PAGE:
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Monday, June 17, 2013

Griper Blade: Are Selective Reading, Social Media Driving Partisanship?

Sculpture of man reading newspaper, made from newspapers
On the bright side, it's good evidence that rightwing complaints of "liberal media bias" are baloney. A new Gallup poll tracks public confidence in the media and finds that confidence down across the board. Confidence in newspapers is now at 15% for conservatives, 25% for moderates, and 31% for liberals. In television news, it's 18% conservative, 24% moderate, and 26% liberal. Sure, conservatives trust media the least, but if there were any hint of liberal bias, liberals would be pleased as punch with these news outlets.

According to Gallup, the trust in newspapers peaked in 1979 at 51% and has been rocky since. Trust in television, on the other hand, has never been very high -- it topped out at 46% in 1993. The reason for this drop in confidence is fairly clear, according to Gallup:

Americans' confidence in newspapers and television news has been slowly eroding for many years, worsening further since 2007. By that point, newspapers and television news had been struggling for years to figure out how to adjust their strategy for a growing Internet audience.

It was also around that time that social networking sites truly began to proliferate, causing news outlets and journalists to work to find their place on them and serving to expand the role of citizen media and user-generated content. Twitter had launched in 2006, and by 2007-2008 was growing its audience rapidly. Facebook had reached 30 million users by mid-2007 and more than 100 million by the end of 2008.
Unfortunately, a lot of this social media information is complete BS. Your crazy uncle Howard's Facebook links about Barack Obama's secret terr'ist background and his fake birth certificate are not reliable news sources. Yet a Pew study on the state of the media finds that, while TV is still the king (likely driven by local news), online sources are now a close second when it comes to the places where people get their news. Granted, a lot of that online news is still newspaper and TV reporting, but even that old school news reporting is commented on by partisans right there on the page. Further, the links to many of these stories are supplied by people with an ax to grind -- stories that back up their point of view get shared around, those that don't get ignored. Stories about snow storms and cold snaps get passed around by global warming deniers, while stories about steadily rising temperatures, heat waves, and droughts don't.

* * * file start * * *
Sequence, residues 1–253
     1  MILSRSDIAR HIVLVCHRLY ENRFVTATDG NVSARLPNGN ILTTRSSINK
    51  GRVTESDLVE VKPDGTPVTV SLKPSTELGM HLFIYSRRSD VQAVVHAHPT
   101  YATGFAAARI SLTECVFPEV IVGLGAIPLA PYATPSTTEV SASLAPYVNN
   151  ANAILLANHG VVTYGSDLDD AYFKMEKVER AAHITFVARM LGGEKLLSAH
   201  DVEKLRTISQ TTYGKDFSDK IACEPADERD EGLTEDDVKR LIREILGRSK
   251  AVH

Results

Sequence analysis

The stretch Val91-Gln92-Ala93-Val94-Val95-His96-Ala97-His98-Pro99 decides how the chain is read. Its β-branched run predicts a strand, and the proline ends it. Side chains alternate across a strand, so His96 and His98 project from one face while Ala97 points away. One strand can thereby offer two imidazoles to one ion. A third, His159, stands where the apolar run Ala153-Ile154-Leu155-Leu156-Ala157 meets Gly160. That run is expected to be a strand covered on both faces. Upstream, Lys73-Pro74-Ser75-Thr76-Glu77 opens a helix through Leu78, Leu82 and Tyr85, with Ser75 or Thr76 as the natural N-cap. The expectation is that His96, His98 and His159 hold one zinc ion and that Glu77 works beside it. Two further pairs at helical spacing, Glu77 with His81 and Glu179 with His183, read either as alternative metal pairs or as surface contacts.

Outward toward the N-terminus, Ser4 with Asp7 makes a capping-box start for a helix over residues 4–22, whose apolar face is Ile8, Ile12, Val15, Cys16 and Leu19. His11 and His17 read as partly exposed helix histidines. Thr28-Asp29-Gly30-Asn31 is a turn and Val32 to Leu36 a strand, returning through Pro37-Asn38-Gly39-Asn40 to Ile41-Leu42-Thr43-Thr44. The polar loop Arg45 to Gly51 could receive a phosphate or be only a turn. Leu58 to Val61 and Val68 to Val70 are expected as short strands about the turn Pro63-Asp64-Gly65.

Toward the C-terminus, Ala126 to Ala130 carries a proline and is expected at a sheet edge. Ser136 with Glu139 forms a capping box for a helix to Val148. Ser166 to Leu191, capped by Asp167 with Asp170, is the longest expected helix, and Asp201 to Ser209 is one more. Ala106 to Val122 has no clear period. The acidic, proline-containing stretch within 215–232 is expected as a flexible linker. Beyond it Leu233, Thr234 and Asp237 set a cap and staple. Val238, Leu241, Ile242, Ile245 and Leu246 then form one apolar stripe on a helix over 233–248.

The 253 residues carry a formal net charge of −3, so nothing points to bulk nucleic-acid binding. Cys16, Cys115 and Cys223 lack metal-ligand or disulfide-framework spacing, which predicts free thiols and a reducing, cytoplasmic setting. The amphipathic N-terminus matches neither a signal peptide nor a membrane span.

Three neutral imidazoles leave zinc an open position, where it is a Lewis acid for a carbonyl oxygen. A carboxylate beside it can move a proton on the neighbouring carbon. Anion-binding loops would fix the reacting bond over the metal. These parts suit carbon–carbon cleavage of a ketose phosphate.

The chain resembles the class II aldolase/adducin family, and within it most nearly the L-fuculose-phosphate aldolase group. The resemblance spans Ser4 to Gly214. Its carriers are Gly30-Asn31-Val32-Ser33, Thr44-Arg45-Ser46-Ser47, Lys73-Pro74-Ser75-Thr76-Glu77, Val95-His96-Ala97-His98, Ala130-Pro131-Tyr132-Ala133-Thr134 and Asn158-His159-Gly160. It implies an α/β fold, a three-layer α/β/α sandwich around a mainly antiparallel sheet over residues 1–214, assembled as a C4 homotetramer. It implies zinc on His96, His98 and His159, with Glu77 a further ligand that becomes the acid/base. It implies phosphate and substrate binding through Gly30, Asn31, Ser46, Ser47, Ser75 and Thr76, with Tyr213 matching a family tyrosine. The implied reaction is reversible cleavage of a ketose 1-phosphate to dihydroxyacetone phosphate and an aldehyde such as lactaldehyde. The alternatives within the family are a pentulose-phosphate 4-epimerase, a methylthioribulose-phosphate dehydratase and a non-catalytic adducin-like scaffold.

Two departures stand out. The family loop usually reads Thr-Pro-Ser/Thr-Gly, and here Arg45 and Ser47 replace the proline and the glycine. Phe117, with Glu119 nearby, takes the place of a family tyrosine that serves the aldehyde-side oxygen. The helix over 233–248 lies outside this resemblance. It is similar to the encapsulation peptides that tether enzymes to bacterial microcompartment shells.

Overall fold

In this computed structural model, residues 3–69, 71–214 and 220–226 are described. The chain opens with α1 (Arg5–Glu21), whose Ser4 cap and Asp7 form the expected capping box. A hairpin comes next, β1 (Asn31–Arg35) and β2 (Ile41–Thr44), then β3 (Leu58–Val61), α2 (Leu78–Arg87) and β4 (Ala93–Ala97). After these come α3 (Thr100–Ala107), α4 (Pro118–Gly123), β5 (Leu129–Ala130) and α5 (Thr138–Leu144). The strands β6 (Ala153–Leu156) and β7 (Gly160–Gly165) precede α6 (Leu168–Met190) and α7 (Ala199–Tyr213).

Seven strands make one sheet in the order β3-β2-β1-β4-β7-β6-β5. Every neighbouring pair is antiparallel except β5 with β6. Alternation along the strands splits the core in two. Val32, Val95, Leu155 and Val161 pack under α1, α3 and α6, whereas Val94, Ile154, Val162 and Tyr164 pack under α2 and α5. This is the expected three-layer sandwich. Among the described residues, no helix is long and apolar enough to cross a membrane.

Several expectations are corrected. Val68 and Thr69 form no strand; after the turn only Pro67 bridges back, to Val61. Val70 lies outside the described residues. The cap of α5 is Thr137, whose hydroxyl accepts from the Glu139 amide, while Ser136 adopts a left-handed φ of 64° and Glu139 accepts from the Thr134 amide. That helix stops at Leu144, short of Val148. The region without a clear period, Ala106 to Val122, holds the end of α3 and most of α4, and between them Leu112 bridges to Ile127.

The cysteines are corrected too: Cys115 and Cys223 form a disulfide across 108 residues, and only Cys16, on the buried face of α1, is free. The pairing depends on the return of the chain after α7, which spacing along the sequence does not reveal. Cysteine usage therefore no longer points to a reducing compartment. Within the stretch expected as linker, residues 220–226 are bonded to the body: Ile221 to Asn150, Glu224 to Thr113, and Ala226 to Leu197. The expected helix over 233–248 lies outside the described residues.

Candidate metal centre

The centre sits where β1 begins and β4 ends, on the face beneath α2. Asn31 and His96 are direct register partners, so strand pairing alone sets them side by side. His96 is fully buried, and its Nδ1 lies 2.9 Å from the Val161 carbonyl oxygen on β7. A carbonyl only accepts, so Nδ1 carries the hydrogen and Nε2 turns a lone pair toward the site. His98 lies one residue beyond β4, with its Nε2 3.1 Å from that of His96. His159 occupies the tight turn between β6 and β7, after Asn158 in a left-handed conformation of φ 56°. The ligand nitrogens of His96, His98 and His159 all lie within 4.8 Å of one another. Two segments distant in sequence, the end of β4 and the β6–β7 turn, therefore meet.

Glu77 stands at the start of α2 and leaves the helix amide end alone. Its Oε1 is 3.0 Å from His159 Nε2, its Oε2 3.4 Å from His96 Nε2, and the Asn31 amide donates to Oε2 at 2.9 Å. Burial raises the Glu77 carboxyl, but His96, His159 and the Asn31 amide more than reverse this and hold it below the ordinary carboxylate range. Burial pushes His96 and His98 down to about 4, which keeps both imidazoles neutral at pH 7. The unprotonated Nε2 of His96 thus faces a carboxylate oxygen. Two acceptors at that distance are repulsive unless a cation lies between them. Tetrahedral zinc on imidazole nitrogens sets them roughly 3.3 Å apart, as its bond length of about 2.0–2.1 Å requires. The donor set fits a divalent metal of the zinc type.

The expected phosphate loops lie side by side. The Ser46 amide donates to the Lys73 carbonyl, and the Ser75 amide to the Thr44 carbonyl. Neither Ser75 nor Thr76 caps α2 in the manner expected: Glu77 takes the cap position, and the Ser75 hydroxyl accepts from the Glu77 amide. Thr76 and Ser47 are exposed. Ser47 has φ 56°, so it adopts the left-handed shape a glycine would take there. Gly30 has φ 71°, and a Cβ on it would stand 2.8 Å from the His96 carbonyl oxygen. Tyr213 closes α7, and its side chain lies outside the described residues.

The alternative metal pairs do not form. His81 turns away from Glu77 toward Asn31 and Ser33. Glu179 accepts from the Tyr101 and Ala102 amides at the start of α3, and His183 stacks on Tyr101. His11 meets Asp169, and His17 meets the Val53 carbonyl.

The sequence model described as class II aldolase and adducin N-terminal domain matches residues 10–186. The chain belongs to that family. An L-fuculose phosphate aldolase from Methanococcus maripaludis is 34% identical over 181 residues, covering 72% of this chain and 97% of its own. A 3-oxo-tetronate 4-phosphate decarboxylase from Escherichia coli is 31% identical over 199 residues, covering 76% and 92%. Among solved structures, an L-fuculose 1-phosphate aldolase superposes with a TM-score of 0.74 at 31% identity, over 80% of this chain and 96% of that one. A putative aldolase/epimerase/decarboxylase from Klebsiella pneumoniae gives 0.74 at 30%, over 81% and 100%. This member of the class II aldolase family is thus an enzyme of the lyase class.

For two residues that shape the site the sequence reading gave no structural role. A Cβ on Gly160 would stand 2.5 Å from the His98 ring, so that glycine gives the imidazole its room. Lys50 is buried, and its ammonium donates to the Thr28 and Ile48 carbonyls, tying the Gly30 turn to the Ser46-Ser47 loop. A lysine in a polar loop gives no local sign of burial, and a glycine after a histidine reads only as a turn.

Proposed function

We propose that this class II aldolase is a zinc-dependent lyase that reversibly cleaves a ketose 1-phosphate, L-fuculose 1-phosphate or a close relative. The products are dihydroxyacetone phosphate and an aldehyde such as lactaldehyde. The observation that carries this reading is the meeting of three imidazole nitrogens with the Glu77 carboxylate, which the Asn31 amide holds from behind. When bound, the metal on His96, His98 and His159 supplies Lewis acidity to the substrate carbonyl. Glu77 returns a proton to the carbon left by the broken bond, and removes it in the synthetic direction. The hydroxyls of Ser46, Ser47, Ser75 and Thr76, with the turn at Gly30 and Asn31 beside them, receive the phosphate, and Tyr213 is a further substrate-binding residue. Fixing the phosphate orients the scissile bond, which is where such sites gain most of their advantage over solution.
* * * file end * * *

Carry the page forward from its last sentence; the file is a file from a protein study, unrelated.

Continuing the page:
This selective sharing would result in the appearance of partisanship by the sources shared. In other words, if crazy uncle Howard keeps linking to AP articles about poll numbers and faux scandals, then someone who's not on Howard's side of the divide may begin to wonder how reliable Howard's favorite wire service can be. You never see the stories he ignores; all you get are the "Sarah Palin says Pres. Obama kicked her dog" headlines and never the "Factcheck: Sarah Palin full of crap" ones...[CLICK TO READ FULL POST]

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